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Big SUVs often come with prejudgments and stereotypes in tow. Sometimes the stereotypical shoe fits. The ML550's lackluster fuel economy is probably the best example of this. A "Blue Efficiency" badge that boasts of the M-Class' increased efficiency does little to make us feel better about an EPA-estimated 17 mpg combined fuel economy.
However, our time with the 2012 Mercedes-Benz ML550 4Matic was full of surprises. The big SUV surprised me with its nimble and effortless low-speed driving dynamics and the ease with which it took to San Francisco parallel parking; with its gentle but powerful acceleration and stability at highway speeds; and with its smartly implemented voice command technology and value for the dollar spent.
Cabin tech: Comand starts to show its age
The ML550 comes standard with an HD Radio tuner, a DVD audio and video player, Bluetooth hands-free calling, an SD card reader, and a 7-inch color display that is commanded via Mercedes-Benz's Comand central controller. There's also Benz's Mbrace telematics service powered by Hughes Telematics with six months of complimentary service. That covers most of the cabin tech bases that we look for, but it's pretty basic as baseline systems go.
Thankfully, our ML was equipped with a $3,600 P01 package that essentially buffs up its infotainment technology. For your bucks, you get the Comand Navigation system, a media interface that brings iPod, USB, and auxiliary audio inputs, a rearview camera system, SiriusXM Satellite Radio with traffic and weather data, and voice command for the whole kit and caboodle.
We've seen this infotainment bundle in action in a number of previous Mercedes-Benz vehicles and it checks all of the right boxes where features are concerned. 3D maps with terrain and building data are very cool features when you're on the showroom floor, and the weather forecasts with radar maps are also great eye candy. However, living with the system can be a bit annoying.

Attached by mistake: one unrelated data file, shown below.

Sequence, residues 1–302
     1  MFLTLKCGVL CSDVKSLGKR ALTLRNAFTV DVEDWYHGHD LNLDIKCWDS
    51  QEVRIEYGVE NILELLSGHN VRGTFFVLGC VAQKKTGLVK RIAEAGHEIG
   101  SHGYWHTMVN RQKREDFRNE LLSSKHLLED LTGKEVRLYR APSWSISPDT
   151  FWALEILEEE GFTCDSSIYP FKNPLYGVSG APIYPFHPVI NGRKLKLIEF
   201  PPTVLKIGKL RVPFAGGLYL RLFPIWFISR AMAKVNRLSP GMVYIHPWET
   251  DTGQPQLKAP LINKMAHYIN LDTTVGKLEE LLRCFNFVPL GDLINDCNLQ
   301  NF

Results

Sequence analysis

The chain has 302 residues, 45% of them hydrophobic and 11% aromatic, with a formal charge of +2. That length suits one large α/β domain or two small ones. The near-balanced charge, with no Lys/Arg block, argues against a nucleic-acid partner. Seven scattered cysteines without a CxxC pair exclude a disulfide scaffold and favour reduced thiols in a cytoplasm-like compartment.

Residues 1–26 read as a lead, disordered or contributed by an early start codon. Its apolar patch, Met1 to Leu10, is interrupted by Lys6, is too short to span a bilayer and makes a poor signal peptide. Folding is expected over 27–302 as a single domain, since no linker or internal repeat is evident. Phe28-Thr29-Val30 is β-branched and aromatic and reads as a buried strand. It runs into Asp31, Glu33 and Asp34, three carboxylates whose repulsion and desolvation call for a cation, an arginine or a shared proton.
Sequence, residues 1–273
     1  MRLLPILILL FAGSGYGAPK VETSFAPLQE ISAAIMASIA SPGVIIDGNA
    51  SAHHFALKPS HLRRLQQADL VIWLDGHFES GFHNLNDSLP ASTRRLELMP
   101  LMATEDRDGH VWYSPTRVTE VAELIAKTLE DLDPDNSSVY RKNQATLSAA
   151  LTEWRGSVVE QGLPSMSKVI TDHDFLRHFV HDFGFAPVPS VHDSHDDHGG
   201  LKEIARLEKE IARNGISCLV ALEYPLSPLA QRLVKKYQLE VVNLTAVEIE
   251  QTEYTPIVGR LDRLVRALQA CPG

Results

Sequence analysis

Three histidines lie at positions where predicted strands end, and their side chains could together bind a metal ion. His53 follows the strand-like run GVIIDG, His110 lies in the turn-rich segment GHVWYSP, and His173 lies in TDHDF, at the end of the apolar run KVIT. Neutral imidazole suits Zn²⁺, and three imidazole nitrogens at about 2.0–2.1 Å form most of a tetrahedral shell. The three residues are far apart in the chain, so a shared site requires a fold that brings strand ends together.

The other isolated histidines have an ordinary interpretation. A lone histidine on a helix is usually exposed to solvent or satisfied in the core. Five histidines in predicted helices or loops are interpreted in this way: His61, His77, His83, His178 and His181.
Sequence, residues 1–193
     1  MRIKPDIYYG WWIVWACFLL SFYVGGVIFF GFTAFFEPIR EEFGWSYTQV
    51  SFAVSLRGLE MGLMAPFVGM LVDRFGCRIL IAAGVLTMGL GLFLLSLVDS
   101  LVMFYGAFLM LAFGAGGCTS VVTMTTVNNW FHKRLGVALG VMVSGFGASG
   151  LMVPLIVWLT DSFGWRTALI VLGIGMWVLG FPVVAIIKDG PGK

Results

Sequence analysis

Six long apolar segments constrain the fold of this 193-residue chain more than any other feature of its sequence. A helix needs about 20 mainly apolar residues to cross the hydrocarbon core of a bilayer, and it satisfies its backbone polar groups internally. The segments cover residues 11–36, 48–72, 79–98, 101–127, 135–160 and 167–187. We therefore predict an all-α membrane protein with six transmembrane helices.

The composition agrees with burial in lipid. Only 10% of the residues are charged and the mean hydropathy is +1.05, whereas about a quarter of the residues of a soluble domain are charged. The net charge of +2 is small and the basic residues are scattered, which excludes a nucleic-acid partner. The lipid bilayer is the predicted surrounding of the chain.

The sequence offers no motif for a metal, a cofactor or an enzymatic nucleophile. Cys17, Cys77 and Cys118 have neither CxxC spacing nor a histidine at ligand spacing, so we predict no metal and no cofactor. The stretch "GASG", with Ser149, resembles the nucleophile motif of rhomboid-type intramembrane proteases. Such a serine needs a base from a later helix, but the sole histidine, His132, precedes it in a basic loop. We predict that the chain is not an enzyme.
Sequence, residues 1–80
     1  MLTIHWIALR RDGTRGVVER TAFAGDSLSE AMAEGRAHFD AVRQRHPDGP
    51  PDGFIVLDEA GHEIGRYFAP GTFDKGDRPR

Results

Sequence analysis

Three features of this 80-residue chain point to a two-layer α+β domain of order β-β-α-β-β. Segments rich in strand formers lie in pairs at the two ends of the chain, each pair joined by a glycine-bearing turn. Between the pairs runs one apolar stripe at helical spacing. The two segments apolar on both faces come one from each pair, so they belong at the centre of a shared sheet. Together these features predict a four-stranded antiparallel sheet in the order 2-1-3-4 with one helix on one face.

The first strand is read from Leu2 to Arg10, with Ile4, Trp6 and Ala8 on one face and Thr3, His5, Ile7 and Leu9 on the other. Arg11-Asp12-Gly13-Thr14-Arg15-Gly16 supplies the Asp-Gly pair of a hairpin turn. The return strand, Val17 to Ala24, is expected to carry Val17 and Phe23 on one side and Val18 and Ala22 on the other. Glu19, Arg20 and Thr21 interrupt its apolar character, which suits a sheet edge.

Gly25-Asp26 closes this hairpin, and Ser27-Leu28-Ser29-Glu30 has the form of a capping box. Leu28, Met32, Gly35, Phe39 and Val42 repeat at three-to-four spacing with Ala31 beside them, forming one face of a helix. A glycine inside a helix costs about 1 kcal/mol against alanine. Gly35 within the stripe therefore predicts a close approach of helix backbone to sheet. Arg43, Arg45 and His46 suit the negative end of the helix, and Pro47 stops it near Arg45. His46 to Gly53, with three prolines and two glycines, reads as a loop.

The Comand system's three-tiered interface, for example, requires that you tap up on the controller to get to the different modes of operation and tap down to access mode-specific options...usually. Tapping up on the map screen causes you to scroll the map, which is only a minor annoyance until the 10th time you do it in a week. Then, it becomes a reason to raise your voice. Those fancy 3D buildings are cool until they get in the way of seeing the actual roads on the map. Destination search lacks an On Route option, which means that an act as simple a searching for fuel along your current navigation route can take you pretty far off of your chosen path and is much more difficult than it should be.
Meanwhile, the spoken turn-by-turn directions seem to leave out relevant data. On many occasions, I was told to "Prepare to turn left" but not given or shown a distance to the next turn. Is it in 2 miles or two blocks, Comand? This is important information and not having it caused my anxiety levels to soar when piloting the large SUV in heavy traffic to an unknown destination.
Fortunately, most of the Comand system's other functions operated nearly flawlessly. The voice command system, for example, gives users access to nearly every element of the navigation, hands-free calling, and audio system with little more than a few spoken words.
The system did a fairly good job of understanding what I was trying to say, but in the few instances where I had to repeat myself two to three times (to say "Tehama Street," for example), the system would stop me and simply ask me to spell out the destination instead. That's the sort of attention to detail that I like to see in all voice command systems, as it saves a lot of frustration and guessing the pronunciation that the computer is looking for.